Mark Carney – You can’t teach an old dog new tricks, can you ?

Mark Carney’s gift to UK – “$trillion mortgage insurance borne by taxpayers” ?

U.K. interest policy very Canadian

Carney brings Bank of Canada style to statement on long-term key rate of 0.5%
Mark Carney, the new governor of the Bank of England, is taking a Canadian approach in his first act as governor.

OTTAWA — Mark Carney is already causing ripples in Britain in his first week as governor of the Bank of England, even though his methods would be considered old hat in Canada.

Eschewing past practice, the British central bank went beyond simply announcing no changes to the 0.5 per cent key interest rate as it also published a statement explaining the reasoning and suggesting rates would remain depressed for some time.

The dovish statement had the effect of boosting equity prices in England and dropping the pound one cent to $1.51 US.

Under the previous governor, Mervyn King, the bank would typically issue no comment when policy was left unchanged.

But instead the central bank gave some indication where matters are heading by declaring that “the implied rise in the expected future path of bank rate was not warranted by the recent developments in the domestic economy.”

It also said it would provide an assessment next month to Treasury chief George Osborne on whether the bank should use forward guidance — a tool Carney introduced in Canada in the spring of 2009 to give markets and investors long-term assurance on interest rate expectations.

“It does appear that the committee are already moving towards more communication on their decisions and towards providing forward guidance on monetary policy,” said Howard Archer, IHS Global Insight’s chief U.K. and European economist.

Alistair Cotton, a senior analyst with Currencies Direct, said any forward guidance on interest rates would be “warmly greeted by homeowners (with variable mortgages) who will be in a better position to budget and even forecast the right time to lock in.”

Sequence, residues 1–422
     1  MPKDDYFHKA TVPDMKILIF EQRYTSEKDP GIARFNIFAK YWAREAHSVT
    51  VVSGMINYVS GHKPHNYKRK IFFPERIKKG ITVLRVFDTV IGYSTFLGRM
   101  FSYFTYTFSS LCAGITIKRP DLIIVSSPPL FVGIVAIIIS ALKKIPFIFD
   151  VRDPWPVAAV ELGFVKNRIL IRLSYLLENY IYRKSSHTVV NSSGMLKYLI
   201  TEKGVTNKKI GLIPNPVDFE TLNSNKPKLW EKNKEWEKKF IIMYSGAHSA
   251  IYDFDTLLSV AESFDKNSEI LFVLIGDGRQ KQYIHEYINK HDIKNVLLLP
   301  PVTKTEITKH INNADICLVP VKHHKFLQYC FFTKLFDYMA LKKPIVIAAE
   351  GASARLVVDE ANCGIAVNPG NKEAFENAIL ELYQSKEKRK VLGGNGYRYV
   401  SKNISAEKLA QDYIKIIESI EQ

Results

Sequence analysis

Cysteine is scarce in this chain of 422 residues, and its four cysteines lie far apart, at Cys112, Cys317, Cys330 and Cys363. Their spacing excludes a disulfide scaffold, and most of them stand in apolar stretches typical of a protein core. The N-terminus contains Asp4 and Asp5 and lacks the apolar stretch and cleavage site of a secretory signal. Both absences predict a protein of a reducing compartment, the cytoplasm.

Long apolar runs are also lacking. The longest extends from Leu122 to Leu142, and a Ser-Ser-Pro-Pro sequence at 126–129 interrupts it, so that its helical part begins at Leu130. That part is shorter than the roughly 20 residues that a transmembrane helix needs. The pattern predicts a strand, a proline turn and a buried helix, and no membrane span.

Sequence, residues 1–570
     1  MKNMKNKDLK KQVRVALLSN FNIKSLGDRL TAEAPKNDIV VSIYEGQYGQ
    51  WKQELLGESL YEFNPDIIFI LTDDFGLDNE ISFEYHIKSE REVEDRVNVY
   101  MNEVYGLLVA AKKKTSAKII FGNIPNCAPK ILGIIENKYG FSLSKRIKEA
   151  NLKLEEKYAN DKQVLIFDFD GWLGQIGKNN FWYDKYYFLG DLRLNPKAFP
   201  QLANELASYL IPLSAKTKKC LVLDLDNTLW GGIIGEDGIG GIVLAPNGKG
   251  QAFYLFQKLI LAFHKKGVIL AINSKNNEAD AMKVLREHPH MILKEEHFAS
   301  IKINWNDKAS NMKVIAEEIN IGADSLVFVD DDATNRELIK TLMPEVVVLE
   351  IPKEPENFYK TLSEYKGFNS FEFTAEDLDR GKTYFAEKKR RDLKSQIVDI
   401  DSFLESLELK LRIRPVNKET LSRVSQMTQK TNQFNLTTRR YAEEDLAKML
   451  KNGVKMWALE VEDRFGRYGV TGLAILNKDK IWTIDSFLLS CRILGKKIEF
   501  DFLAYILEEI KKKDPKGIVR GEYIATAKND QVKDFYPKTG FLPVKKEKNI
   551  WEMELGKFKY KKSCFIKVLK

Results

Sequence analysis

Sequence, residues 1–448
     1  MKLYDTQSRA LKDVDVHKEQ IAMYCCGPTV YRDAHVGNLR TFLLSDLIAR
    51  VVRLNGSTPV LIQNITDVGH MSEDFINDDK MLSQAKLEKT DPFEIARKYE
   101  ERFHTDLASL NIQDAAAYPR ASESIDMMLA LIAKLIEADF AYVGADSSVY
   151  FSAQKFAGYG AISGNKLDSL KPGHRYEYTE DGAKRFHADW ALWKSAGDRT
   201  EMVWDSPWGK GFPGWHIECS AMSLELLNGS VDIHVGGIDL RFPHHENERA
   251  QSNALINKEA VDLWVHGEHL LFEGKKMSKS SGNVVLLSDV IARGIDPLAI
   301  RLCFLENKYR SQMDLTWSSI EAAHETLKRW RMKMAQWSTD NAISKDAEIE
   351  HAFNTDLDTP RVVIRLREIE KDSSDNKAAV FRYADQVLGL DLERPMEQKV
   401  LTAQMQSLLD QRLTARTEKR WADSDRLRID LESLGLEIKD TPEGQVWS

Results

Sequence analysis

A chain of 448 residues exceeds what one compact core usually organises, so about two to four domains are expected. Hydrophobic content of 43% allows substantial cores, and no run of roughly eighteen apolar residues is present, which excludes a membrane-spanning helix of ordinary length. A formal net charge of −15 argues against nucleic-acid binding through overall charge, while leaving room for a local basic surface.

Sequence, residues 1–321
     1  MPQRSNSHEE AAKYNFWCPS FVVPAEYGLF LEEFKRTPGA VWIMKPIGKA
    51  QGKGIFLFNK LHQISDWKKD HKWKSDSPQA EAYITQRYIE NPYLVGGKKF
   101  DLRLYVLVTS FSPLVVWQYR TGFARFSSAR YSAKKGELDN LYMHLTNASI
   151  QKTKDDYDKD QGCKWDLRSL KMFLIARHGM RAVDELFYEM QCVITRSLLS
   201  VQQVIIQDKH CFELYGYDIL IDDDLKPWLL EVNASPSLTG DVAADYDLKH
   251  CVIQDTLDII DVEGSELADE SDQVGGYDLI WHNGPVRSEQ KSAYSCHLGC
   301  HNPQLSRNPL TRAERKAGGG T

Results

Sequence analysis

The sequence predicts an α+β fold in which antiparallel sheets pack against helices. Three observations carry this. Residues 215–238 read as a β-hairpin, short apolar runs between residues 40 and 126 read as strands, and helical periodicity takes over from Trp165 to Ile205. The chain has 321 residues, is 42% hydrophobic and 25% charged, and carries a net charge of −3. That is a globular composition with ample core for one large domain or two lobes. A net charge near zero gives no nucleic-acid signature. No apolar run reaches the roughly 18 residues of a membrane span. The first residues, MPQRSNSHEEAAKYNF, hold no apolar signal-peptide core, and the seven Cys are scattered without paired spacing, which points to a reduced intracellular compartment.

As Bank of Canada governor, Carney received many plaudits for his aggressive actions in confronting the global financial crisis, including introducing so-called forward guidance — a kind of conditional commitment on the direction of interest rates — that gives a measure of confidence in a generally uncertain world. The approach was later copied, and even expanded on, by Ben Bernanke at the U.S. Federal Reserve.

A Bank of Canada analysis concluded the conditional commitment was able to reduce longer-term rates.

Scotiabank economist Derek Holt said it was unlikely such guidance would be as effective in the United Kingdom at this time, however.

“It was an interesting experiment, but in the U.K. he’s not operating in the same context,” Holt said. “The market is already convinced rates are going to be low for a long period of time, so … it’s likely to carry very little influence.”

Thursday statement was closely watched because it was Carney’s first since taking over Britain’s central bank on July 1.

The Carneys should be used to the attention by now, however. The banker and his British born-wife, Diana, have been in the crosshairs of the British media since the announcement last fall that he would become the first foreigner to head the Bank of England in its 319-year history.